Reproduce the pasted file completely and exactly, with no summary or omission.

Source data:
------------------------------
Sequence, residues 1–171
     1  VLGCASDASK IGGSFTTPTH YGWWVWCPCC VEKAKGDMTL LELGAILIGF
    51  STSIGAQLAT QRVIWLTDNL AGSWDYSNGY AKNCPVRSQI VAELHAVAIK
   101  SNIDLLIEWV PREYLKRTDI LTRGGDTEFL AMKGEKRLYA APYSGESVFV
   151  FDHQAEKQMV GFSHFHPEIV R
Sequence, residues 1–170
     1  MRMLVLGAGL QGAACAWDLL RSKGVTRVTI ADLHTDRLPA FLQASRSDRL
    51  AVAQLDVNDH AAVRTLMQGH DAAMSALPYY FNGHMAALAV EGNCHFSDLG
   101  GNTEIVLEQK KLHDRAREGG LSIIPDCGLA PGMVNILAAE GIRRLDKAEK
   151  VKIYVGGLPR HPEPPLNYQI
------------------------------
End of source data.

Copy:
Sequence, residues 1–171
     1  VLGCASDASK IGGSFTTPTH YGWWVWCPCC VEKAKGDMTL LELGAILIGF
    51  STSIGAQLAT QRVIWLTDNL AGSWDYSNGY AKNCPVRSQI VAELHAVAIK
   101  SNIDLLIEWV PREYLKRTDI LTRGGDTEFL AMKGEKRLYA APYSGESVFV
   151  FDHQAEKQMV GFSHFHPEIV R
Sequence, residues 1–170
     1  MRMLVLGAGL QGAACAWDLL RSKGVTRVTI ADLHTDRLPA FLQASRSDRL
    51  AVAQLDVNDH AAVRTLMQGH DAAMSALPYY FNGHMAALAV EGNCHFSDLG
   101  GNTEIVLEQK KLHDRAREGG LSIIPDCGLA PGMVNILAAE GIRRLDKAEK
   151  VKIYVGGLPR HPEPPLNYQI